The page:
Craig Ferguson has no idea his silliness saved me and my kids from complete insanity. After my 2010 divorce, my two kids, my two hygienically challenged dogs and I, moved in with my elderly dad in western Pennsylvania for a few months until we could buy a house.
We all appreciated my dad letting us move in, but it was a hard time for us. The cute Tudor home we worked so hard on was sold, our family was fractured, our lives changed, and our dogs were on a pooping and peeing binge in the basement.
Our stay was supposed to be temporary, but, a tight mortgage market and a credit rating damaged by “he who shall remain nameless,” left us few choices. Even with a huge down payment, I couldn’t get a loan.
Then my dad got sick and I wanted to help him since he basically let us and our stinking dogs move in and rearrange his entire household without a complaint. So we stayed, I helped, and tried to figure out how to patch my life and career back together.
After I put my dad in his bed at night, my son, my daughter and I laid side-by-side on the creaky double bed in my daughter’s room, with the glow of the computer screen lighting up our faces. We watched as Craig Ferguson made us laugh until we cried with his white rabbit puppet, wise-cracking, gay robot, Secretariat man-horse galloping across the stage, bleeped profanities and other silliness. He was a little bit of the L.A. we missed terribly. We dreamed of sitting in Lesbian Row and letting him mock us.
Sometimes we’d stay up until 12:30 and watch his show on TV, but usually we watched it on the computer, huddled together on the bed. Craig’s silliness made the room we watched in — the same room I had as a teenager — with fake wood paneling and an overhead light with a square glass cover, seem warm and almost attractive.
After two years with dad, we moved back to L.A. in 2012. I was working, volunteering for the PTA, and figuring out how to make a living. Then last December, Craig stopped doing his show. I really regretted it never taking the time to see it.
Plus, I think Craig and I are going through similar phases in our lives. I’m a little sick of Hollywood right now. Maybe he is too. I think he’s worked hard at his craft and I wonder why they didn’t tap him to host the Oscars? They’re probably terrified the night would devolve into way too much fun. When I saw the video of him doing the song, “Keep Banging On,” on his last show, I know it had a message for both of us.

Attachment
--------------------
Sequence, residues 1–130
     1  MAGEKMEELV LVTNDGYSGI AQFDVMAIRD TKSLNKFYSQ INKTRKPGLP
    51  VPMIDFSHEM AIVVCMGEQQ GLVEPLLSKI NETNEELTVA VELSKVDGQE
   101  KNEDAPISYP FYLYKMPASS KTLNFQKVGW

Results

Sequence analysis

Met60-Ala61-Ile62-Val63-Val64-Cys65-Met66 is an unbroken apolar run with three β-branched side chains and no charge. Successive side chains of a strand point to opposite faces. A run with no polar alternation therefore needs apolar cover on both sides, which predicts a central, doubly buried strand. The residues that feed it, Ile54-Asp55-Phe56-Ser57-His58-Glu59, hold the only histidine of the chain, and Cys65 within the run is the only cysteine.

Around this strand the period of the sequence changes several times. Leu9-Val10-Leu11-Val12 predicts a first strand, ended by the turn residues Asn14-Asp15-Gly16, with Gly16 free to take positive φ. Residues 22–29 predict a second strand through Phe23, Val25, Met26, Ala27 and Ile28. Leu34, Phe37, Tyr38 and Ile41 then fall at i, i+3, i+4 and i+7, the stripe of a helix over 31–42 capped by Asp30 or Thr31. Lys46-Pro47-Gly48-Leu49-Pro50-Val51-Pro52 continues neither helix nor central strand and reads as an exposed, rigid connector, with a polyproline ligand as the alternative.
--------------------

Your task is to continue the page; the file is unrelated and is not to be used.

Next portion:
He’s not giving up. The words to the song are: “Keep banging on — banging on your drum – Keep banging on — and your day will come.” Those are not the words of a pansy quitter.
This is a man who left his home in Scotland, became a U.S. citizen, kicked alcoholism and drugs, nearly committed suicide, made it in Hollywood, wrote books, directed, acted, and created a hilarious late night show that was, hands down, funnier than anything on TV.
If someone as big as friggin’ Craig Ferguson had the guts to walk away from a network show after ten years, then surely I can muster the gumption to steer my own course.
So I jumped at the chance to buy tickets to see him at the Pechanga Resort and Casino in Temecula. I told myself I shouldn’t be spending the money and that it’s a long drive, but I knew seeing him would inspire me and maybe help lift me out of this stupid funk. My son was supposed to go, but couldn’t, so I frantically called a few friends and luckily, Penny could go.
Penny was so excited, she even shaved her legs. We drove three hours to the resort in rush hour traffic, then made our way to the theater. We pulled on the doors and they were closed. What the hell? we wondered. We asked someone in a uniform why the box office was closed.
She looked at our tickets and said, “Craig’s show was two nights ago. It was Sunday the 22nd.”
Oh God, I thought.
Who schedules a show on the night of the Academy Awards? This had to be a test. Satanic forces had to be at work. But I checked the tickets and it was true.
I didn’t know whether to cry, be sick, scream, or slap myself for being so stupid. I’d just lost 150 dollars I should have saved, wasted half a tank of gas and lost the last microscopic fiber of dignity I had. How could I have confused the dates? How could I have been such an idiot?
I almost cried, but Penny said she was happy just to get out of the house, sit in the car with smooth legs, and talk for the three hour drive down. Thank God. Anyone else would have strangled me lifeless with her purse strap.
If she was disappointed, she hid it and said, “No, it’s really OK. I’m just glad to see that someone else makes stupid mistakes too.” Then we just had to laugh.
I wasn’t leaving without dinner, so we had French Onion Soup with gobs of toasty, melted cheese on top and delicious beer battered fish sandwiches. Even without Craig, life does start looking up after a decent meal.
Against my better judgment, I am shedding that last nano fiber of dignity and sharing this. Penny said I should. If you’ve done an equally stupid thing, maybe this will make you feel better. Please write and tell me stupid or stupider things you’ve done, I am begging you! Do not leave me hanging people!
And Craig, I will see you one day. Keep banging on.
(After writing this, Craig tweeted that he’s starring in a new sitcom, “The King of 7B!)